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Food Stamps may be getting a makeover soon

Lawmakers all over the nation are calling into question whether Food Stamps need to have a certain level of restriction added. Recent data suggests that as much as 20% of all Food Stamp benefits were used to purchase things like soda, chips, candy and other snack items rather than meal items. Food Stamps are certainly needed by many, but I would tend to agree that they were designed to provide meals for families, not snacks and soda.


H/T TheBlaze

Lawmakers demand Food Stamps be restricted from candy, soda and sugary snacks

Some lawmakers are weighing whether restrictions should be placed on food stamps to keep recipients from using them to purchase candy, soda, and other sugary products after a USDA report documented just how much is spent on unhealthy foods.

While most food stamp money was spent in the category of “meat, poultry and seafood,” the report found that recipients spent millions more on soda, or sweetened beverages, than vegetables, the second and third highest categories purchased, respectively.

When grouped together, more money was spent on unhealthy food than healthy foods:

SNAP recipients spent more money — more than $1.9 billion total — on sweetened beverages, frozen prepared foods, desserts, high-fat dairy, and salty snacks than they did on fruits, vegetables, milk, bread, and crackers, which totaled nearly $1.4 billion.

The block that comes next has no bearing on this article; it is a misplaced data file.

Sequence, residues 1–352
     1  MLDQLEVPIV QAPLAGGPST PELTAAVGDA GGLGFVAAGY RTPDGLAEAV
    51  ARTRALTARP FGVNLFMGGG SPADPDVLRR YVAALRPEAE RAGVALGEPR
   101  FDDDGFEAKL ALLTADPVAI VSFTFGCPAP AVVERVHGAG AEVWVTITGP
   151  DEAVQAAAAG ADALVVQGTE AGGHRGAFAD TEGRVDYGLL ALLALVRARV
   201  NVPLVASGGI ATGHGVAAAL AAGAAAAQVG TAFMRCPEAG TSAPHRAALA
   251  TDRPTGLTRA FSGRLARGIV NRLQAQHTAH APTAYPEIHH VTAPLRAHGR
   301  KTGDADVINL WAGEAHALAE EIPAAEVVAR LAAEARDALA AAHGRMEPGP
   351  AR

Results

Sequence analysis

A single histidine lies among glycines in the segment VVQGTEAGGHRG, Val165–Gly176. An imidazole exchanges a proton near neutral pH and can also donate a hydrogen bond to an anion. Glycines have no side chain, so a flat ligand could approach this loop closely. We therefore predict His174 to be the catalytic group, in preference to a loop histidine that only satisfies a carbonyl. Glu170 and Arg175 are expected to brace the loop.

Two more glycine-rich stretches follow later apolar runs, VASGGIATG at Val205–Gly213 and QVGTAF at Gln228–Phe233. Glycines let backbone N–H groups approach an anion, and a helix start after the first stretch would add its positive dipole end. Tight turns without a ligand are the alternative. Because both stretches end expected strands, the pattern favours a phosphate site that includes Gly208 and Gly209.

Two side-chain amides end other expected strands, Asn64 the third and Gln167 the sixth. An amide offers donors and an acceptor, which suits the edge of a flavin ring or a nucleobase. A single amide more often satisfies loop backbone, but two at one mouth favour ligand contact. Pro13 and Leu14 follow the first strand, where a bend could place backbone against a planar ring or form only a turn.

According to the report, about 20% of food stamps were spent on the categories of sweetened beverages, desserts, salty snacks, candy and sugar.

But some found the suggestion of restricting these unhealthy foods from food stamp recipients distasteful in itself.

“Food surveillance violates the basic principles of this great country,” said Rep. David Scott of Georgia. “You can’t deny them their freedoms to be able to make choices without violating their pursuit of happiness.”

Maine is one of the states asking for the ban, with Department of Health and Human Services Commissioner Mary Mayhew noting the higher rates of obesity and the $700 million of obesity-related medical expenditures in the state.

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